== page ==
At Press Tour, Words to Live By (Or Eat Later)

Top network execs offer promises and predictions for the months ahead

Network executives spent the last two weeks appearing on stage at the Television Critics Association summer press tour, touting their upcoming programming, playing down their missteps and making predictions for the future. Based on their comments, here’s what we will be holding network execs to in the coming months, and what to look for, until we do it all again in January.

NBC: “I hope that when we come back here in six months, we can say that the fall comedies did even better than last year’s comedies.”—Entertainment chairman Bob Greenblatt

NBC has been aggressive about getting more laughs on its schedule, picking up four fall comedies it hopes will be broader than its Thursday legacy half-hours. With record viewership for the Olympics, where it will preview the comedies Go On and Animal Practice while endlessly promoting the others, NBC can no longer lean on the excuse of depleted airwaves if the launches aren’t successful. All of which means if the network comes to the next TCA with nothing better than Whitney and Up All Night, it will have only its development folks to blame.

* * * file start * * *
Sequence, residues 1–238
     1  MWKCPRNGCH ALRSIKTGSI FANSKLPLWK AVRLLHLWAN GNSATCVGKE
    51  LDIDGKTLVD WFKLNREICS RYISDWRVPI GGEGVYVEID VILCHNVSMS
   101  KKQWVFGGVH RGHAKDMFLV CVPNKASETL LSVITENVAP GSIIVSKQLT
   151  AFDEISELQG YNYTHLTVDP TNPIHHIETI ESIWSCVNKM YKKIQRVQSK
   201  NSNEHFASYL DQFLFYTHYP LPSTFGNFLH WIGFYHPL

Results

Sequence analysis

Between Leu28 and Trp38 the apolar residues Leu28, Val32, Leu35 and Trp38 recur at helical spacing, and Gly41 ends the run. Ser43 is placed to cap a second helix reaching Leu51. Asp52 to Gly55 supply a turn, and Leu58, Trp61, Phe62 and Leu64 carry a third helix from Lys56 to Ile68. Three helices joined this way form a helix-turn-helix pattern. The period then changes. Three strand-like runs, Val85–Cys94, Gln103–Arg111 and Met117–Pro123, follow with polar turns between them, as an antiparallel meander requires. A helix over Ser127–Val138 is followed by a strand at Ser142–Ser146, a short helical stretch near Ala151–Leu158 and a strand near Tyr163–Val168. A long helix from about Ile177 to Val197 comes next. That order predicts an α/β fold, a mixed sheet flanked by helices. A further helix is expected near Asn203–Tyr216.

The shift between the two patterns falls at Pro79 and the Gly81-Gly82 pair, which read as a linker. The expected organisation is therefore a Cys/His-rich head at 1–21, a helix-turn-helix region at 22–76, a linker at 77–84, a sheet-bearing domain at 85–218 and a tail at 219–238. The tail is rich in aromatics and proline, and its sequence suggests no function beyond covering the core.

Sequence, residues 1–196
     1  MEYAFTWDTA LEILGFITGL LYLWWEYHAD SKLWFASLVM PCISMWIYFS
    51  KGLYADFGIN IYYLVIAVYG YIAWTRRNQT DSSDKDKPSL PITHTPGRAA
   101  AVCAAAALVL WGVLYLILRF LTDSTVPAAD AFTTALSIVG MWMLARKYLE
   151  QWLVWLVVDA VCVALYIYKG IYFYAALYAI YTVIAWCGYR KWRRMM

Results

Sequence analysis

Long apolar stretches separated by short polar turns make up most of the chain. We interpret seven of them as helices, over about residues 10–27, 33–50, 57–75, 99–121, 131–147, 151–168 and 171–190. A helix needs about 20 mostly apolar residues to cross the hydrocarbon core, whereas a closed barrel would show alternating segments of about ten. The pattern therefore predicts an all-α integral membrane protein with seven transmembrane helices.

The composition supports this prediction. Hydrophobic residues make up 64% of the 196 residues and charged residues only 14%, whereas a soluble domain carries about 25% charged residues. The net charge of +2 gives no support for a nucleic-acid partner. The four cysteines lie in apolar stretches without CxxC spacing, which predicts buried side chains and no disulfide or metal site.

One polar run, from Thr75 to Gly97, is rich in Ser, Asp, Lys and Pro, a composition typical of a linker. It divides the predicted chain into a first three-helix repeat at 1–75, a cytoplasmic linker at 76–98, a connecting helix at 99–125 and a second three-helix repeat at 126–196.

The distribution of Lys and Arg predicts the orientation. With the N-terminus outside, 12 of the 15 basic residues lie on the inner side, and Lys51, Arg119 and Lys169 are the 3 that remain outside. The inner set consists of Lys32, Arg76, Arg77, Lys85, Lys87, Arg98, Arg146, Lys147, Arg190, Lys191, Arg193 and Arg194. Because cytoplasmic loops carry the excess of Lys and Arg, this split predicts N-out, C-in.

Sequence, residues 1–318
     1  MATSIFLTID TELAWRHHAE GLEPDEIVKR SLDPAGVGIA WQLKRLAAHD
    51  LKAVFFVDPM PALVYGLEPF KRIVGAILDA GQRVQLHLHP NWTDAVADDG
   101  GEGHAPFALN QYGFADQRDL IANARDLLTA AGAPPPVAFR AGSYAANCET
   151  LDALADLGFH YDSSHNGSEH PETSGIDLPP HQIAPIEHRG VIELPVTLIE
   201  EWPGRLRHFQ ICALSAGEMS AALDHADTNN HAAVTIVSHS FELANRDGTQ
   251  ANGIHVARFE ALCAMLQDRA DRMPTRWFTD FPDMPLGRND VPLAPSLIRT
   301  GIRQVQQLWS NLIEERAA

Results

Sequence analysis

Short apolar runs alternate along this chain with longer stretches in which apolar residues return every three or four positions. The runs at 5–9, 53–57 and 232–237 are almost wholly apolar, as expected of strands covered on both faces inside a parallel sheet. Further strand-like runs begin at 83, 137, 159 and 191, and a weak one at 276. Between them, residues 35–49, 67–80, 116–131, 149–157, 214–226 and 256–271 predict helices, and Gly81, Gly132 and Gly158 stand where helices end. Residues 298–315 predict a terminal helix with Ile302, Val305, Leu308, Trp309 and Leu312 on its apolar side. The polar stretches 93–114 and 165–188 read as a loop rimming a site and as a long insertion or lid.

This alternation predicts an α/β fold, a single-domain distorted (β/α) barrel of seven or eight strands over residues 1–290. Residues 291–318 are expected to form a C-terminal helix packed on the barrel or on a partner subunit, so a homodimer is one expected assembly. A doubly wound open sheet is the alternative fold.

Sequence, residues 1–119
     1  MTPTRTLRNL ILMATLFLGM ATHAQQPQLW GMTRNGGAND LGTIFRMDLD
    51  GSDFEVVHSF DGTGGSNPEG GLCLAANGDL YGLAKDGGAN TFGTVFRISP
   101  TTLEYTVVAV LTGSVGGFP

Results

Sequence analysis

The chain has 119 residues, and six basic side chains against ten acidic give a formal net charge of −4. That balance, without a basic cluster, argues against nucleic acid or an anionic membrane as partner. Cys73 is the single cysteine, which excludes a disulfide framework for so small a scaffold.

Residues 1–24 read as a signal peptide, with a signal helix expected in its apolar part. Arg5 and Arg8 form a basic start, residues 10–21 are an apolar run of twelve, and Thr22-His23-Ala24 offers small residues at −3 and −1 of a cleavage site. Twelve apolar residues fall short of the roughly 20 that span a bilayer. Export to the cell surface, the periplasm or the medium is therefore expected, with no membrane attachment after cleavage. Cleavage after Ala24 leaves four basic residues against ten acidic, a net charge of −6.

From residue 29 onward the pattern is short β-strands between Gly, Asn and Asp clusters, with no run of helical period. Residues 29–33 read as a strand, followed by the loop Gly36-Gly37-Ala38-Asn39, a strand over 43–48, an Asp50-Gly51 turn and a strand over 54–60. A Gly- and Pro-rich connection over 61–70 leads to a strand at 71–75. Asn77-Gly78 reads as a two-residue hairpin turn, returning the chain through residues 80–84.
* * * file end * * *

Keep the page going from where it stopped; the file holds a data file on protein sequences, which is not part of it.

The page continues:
ABC News: “This was an unfortunate mistake. We take responsibility for it. We’re taking the steps necessary to make sure that that particular error does not happen again.”—Network news president Ben Sherwood

Sherwood spent a majority of his TCA session answering for ABC News’ recent misreporting on the movie theater shooting in Colorado, when investigative correspondent Brian Ross incorrectly linked suspect James Holmes to the Tea Party. Despite Sherwood admitting that, “we put something on the air that we did not know to be true,” Ross was not suspended or formally reprimanded for the error. ABC News is, however, reviewing its policies and procedures for breaking news as a result of the incident, making it that much harder for a similar mistake to go unpunished in the future.

FX: “I would humbly suggest that hits and misses in our business need to be judged in some context which allows fair benchmarking.”— Network president John Landgraf

The always candid Landgraf called on reporters to press new media competitors like Netfi lx, Hulu and YouTube to release measurement for their original programming to compare it to series on broadcast, and basic and premium cable, arguing that unique users sampling a show is meaningless when held against the average viewership of TV episodes. Will it happen? Not likely, especially in the case of Netflix, which operates on a subscription model instead of advertising revenue. But perhaps it will get more people asking.

CBS: “We’re going right down that road again. We do great with multi-cams. But it’s not about the form, it’s the content.”— Entertainment president Nina Tassler

Could CBS finally be moving into the singlecamera comedy genre? After developing and failing to pick up any single-cam projects during the upfront, Tassler confi rmed the network has picked up Rob Greenberg’s Ex Men from CBS Studios, starring Chris Smith and Kal Penn. While the show is not slated as soon as midseason, Tassler said CBS has other single-camera comedies in development, meaning it could be touting one on the stage here this time next year.

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